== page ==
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Cliff Holste

Supply Chain Digest
Material Handling Editor

Logistics News - Sorting It Out

Cliff Holste is Supply Chain Digest's Material Handling Editor. With more than 30 years experience in designing and implementing material handling and order picking systems in distribution, Holste has worked with dozens of large and smaller companies to improve distribution performance.

November 9, 2016

Sorting It Out : Conveyor System Capacity Constraints Impact Productivity


The Fix may be Easier than you Think!

 

During peak volume periods, shipping demand may exceed the incremental (case per minute) capacity of the conveyor system. When this happens order picking and shipping operation are less efficient which leads to overtime and/or forces a second shift.

The case per minute rate of a conveyor system is dependent on the slowest speed mainline conveyor. In a batch picking and sorting system, this is usually going to be the metering belt conveyor (also referred to as the induction conveyor) located in the mainline feeding the shipping sorter. This particular conveyor is typically located just upstream of the sortation conveyor and is usually feed by one or more accumulation conveyor line(s). Conveyor speed can easily be determined using a hand held tachometer that is calibrated in feet per minute.

Holste Says...

There may be other problems that impact on capacity and productivity such as frequent bottlenecks which may also be eliminated by increasing conveyor speed.

What do you say?

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Note: The function of the metering/induction conveyor is to insure that there is sufficient space between cases so that the sorter can divert individual cases into shipping lines. The slow speed side of this conveyor determines the maximum case feet per minute the system can produce. For example if the speed is 60 feet per minute (FPM) then it will handle (60) 12 inch long cases per minute; (45) 18 inch long case per minute; and (30) 24 inch long cases per minute.

Once you determine the length of the average case, based on the speed of the metering belt, you can calculate what the system is capable of delivering. If that amount is less than what is required, consider increasing the speed of the metering belt by simply changing the ratio of the drive sprockets. However, the conveyor provider should be consulted prior to making any such changes as this may require re-calibrating the sorter tracking controls.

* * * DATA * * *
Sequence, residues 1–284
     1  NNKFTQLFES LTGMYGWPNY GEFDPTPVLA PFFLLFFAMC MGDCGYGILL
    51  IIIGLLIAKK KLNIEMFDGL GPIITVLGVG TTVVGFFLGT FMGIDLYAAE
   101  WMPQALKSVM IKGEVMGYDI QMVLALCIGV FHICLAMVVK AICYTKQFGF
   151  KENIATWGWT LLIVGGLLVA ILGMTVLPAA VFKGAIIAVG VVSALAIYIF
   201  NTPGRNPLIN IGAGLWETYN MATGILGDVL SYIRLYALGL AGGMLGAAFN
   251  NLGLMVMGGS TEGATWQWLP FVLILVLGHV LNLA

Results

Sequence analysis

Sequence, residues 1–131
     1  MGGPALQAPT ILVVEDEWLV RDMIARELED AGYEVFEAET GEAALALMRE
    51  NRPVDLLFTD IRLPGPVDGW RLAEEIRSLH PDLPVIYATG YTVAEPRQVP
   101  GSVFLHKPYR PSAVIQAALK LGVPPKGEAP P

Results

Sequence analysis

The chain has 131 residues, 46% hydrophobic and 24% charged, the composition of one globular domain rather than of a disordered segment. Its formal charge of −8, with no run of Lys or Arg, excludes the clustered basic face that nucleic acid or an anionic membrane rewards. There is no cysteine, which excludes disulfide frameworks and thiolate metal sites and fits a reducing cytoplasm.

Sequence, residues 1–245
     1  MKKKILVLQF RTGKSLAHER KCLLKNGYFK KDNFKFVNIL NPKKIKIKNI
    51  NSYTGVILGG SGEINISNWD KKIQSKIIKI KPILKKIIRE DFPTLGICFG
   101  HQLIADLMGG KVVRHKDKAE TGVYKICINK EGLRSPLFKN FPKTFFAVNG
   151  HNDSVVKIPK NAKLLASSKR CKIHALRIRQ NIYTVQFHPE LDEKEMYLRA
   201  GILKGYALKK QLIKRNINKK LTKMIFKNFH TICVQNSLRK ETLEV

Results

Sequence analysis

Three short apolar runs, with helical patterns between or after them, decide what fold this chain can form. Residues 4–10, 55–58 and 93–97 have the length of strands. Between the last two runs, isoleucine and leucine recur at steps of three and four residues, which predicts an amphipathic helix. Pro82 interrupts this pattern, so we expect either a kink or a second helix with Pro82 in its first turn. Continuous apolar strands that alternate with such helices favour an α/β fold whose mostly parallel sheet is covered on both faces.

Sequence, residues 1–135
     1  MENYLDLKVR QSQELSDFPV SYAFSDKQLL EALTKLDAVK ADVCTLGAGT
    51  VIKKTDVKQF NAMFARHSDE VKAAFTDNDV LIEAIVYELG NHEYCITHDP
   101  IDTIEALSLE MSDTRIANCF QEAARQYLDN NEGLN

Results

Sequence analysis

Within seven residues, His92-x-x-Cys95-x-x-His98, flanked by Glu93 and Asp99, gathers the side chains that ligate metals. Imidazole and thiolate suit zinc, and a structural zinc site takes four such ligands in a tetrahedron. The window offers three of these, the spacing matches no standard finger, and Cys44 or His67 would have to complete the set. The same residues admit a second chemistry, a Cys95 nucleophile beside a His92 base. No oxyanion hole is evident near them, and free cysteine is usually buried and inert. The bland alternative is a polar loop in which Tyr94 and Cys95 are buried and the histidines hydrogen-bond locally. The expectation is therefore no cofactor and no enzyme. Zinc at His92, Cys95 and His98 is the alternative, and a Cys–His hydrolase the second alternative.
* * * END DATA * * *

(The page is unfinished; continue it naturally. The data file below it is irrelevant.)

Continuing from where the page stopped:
There may be other problems that impact on capacity and productivity such as frequent bottlenecks which may also be eliminated by increasing conveyor speed.

Some problems appear to be obvious and easily fixed such as adding accumulation conveyor between picking and sorting operations to smooth out the surges without shutting down picking. However, while this relatively costly approach may provide some temporary relief, it may not fix the underlining system problem.

Digging deeper will sometimes reveal the hidden or less obvious problems that sap system performance.

A good example of this can often be found at the central merge. Here cases of product from multiple picking lines are buffered and automatically merged into a single conveyor line that feeds product to the induction conveyor and on to the sorter. Even when the merge is operating at peak performance, the gaps between slugs of cases being released from the accumulation lines can reduce system capacity by 10 to 15 percent. Installing new merge logic can reduce the gap between slugs from the typical 3 to 5 feet to just a few inches regardless of line release sequence. Your conveyor system provider can advise if this control upgrade would be applicable in your operation.

Final Thoughts

No doubt there are shippers, both large and small that need to increase the throughput performance of their conveyor system operations. A system operations audit done by a trusted advisor or independent consultant would be a good first step.

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